Over the next decade, the total insurance premiums are expected to grow on average by 14 per cent annually in nominal local currency terms (9 per cent per annum in real terms)
The Indian insurance industry, since its inception, has been providing security and resilience to businesses and individuals alike. As a result, India has not only emerged as the fastest-growing insurance market in the world but is also poised to become the sixth-largest by 2032, as per a study by Swiss Re. Over the next decade, the total insurance premiums are expected to grow on average by 14 per cent annually in nominal local currency terms (9 per cent per annum in real terms). And, the fact that the Insurance Regulatory and Development Authority of India (IRDAI) has committed to enabling ‘Insurance for All’ by 2047 further hints at the potential and new opportunities for the ever-evolving sector. In recent years, we have been experiencing a myriad of disruptions, innovations, and technological advancements that have given rise to several new insurance businesses.
Owing to the increased demand for insurance, several brokers look forward to scaling their businesses. But, scalability in dynamic times is a challenge like no other. No matter how much the fundamentals of its operation remain intact, new challenges are likely to emerge owing to the ever-changing market landscape. Therefore, insurance brokers looking to scale up need the right steps for growth, which include careful planning and strategic execution.
Expanding distribution channels
While scaling an insurance business, there are several areas that a broker needs to consider. One of the key areas is reaching a broader customer base. In a bid to provide a wider range of products to clients, the need of the hour is to build a strong distribution network. In India, Tier-2 and Tier-3 cities are becoming the next hotbeds of growth. Therefore, to tap this market, increase their reach, and scale efficiently, insurance businesses need to expand their distribution network in these areas. In this regard, the presence of physical distributors on the ground is critical, as face-to-face interactions ensure trust and credibility among customers.
Focusing on a client-centric approach
The ever-changing customer preferences pose a potential challenge for businesses that want to scale. Therefore, insurance businesses need to prioritise customer-centricity. According to a collective report by Deloitte and Touche, organisations that follow a customer-centric approach are 60 per cent more profitable. Therefore, the need of the hour is to comprehend the preferences of the customer and then offer them personalised advice, customised insurance solutions, and exceptional customer service. Also, to ensure efficient scalability with an expanding client base, it is vital to sustain a robust relationship with other stakeholders in the insurance ecosystem, such as insurers, technology providers, reinsurers, and more.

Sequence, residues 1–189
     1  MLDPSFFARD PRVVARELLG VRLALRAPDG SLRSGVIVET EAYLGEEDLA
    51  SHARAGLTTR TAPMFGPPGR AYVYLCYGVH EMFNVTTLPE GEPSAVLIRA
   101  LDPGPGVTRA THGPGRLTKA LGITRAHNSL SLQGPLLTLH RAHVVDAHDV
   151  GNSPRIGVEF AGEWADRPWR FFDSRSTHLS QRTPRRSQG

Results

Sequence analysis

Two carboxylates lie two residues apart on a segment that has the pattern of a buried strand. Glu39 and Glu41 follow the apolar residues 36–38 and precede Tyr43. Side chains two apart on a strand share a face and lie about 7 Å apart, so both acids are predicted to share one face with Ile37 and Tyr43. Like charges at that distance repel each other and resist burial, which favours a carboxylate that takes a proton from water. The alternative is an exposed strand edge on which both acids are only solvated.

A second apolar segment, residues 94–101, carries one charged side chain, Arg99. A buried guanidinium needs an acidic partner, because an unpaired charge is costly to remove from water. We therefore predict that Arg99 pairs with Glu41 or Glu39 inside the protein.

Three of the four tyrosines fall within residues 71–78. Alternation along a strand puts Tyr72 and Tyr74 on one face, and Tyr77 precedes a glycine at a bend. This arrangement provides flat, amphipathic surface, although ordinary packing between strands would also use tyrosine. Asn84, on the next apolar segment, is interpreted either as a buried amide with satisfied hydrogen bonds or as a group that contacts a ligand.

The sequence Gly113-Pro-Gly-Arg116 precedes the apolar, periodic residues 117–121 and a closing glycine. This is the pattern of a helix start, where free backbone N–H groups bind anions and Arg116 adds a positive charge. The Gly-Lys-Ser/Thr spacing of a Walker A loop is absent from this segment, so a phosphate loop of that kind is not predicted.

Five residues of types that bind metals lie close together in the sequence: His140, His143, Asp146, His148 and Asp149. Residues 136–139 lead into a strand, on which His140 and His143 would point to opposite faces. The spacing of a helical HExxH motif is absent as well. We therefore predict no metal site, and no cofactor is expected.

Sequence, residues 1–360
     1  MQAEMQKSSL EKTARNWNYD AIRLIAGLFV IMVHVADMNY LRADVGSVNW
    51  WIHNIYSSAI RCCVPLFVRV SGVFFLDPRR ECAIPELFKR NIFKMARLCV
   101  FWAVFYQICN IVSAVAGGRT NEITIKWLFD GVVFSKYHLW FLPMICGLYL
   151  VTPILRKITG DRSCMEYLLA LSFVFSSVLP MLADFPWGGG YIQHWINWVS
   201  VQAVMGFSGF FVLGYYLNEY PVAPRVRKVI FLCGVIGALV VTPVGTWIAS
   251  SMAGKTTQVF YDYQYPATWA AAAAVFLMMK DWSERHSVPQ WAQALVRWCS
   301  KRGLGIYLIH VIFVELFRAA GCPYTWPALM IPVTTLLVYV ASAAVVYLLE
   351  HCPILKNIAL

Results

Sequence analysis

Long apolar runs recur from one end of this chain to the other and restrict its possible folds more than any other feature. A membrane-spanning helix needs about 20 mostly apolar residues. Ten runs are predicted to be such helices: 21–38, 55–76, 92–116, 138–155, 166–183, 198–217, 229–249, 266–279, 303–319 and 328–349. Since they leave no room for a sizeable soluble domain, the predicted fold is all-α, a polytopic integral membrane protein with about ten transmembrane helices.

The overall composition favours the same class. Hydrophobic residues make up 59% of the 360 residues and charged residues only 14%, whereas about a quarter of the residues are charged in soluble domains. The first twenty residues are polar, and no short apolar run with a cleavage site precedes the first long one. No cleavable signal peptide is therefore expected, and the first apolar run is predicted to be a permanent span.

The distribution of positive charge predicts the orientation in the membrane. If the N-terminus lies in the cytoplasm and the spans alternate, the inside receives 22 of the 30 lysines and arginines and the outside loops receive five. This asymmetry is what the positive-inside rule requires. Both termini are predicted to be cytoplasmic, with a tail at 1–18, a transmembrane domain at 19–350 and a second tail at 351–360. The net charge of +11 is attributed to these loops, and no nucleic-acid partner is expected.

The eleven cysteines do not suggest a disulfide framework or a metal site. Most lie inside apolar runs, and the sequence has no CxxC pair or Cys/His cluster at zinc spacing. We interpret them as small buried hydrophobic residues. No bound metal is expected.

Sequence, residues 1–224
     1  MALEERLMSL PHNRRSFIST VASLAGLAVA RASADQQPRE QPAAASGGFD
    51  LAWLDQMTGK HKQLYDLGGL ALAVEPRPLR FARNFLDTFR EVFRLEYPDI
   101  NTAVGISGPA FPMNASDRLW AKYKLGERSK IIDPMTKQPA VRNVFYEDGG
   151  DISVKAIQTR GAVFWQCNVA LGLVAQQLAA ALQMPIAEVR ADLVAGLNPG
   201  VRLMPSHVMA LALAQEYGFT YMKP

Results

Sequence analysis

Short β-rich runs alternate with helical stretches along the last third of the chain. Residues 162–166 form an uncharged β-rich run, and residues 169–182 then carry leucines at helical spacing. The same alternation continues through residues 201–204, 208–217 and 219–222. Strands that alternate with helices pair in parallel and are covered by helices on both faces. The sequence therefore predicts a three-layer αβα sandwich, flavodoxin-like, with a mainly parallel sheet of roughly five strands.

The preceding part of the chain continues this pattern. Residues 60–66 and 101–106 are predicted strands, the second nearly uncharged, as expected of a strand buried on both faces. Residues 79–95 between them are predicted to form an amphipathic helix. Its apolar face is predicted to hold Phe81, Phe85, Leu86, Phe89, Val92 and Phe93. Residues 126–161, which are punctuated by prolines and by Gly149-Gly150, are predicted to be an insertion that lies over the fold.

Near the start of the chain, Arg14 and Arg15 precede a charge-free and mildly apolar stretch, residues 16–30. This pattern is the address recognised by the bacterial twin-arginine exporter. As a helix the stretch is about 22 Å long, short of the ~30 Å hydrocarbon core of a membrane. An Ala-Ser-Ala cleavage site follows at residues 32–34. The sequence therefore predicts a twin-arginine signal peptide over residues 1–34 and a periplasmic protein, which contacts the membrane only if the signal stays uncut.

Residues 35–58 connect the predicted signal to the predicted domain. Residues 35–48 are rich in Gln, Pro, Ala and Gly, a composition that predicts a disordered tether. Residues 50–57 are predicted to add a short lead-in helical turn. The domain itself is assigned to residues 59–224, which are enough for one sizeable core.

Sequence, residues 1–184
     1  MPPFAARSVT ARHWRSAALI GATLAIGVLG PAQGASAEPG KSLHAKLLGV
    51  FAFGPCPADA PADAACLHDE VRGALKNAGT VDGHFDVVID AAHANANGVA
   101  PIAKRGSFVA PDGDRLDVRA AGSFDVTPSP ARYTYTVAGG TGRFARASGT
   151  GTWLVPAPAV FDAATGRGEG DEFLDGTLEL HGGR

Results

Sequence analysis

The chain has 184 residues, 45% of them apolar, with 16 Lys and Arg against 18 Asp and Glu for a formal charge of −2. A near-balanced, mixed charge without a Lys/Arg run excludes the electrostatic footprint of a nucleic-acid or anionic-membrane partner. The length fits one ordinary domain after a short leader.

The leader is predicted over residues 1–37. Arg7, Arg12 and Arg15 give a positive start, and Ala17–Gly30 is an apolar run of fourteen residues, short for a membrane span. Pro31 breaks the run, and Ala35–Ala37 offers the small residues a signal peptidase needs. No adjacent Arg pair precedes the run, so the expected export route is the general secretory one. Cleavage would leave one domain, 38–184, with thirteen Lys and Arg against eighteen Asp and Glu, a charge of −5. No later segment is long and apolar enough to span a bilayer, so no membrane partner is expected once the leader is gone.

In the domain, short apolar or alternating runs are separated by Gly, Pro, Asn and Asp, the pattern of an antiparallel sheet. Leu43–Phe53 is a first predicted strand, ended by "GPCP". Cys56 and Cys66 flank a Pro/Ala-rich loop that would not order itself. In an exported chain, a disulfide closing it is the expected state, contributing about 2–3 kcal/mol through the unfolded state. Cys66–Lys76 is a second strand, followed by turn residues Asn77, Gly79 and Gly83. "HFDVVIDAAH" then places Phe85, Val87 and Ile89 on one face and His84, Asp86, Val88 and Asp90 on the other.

Embracing technological disruptions
In the digital era, it is evident that those businesses that fail to adapt technology for their operational purposes will fall behind. Therefore, a broker’s growth can be fueled by adapting the right technology, such as data analytics, which could provide market insights to spot new trends, consumer preferences, and business prospects. Also, a broker focusing on scaling their business can, in addition to traditional marketing tactics, invest in lead generation and digital marketing strategies that may help it extend its clientele and reach a wider audience. Moreover, scalability also depends on building a solid technological foundation that facilitates frictionless policy management, claims processing, and CRM (customer relationship management). Therefore, it is crucial for brokers to embrace technological disruptions in order to grow.
Leveraging ‘Phygital’ model
While technology has enabled people to buy insurance online, customers still prefer to talk to an expert before purchasing a policy. According to a Health and Term Technology survey, 66 per cent of individuals are not comfortable purchasing insurance digitally. This proves that, indeed, consumers enjoy the convenience of self-service, but human interaction still holds an important place in the insurance industry. Therefore, staying on par with modern-day technologies can provide a competitive edge to organisations, but integrating them with human touch will ensure efficient scalability. Several people in Tier-2 and Tier-3 cities may not have access to digital platforms, and PoSPs (point of salespersons) in this regard can aid insurance businesses in bridging the insurance gap in these areas. Owing to their better understanding of local culture and language, they can educate customers and provide personalised support. This, in turn, makes insurance more accessible to people and helps insurance businesses expand their customer base.
Scaling an insurance business necessitates a strategic approach that integrates technology with human engagement, broadens distribution channels, emphasises customer centricity, and follows a ‘phygital’ model. Insurance brokers, in order to successfully grow and tap new markets, can follow these steps, which will not only help them scale efficiently and negate challenges but also generate employment and bridge the insurance gap.
The writer is the CEO and co-founder of Policy Ensure.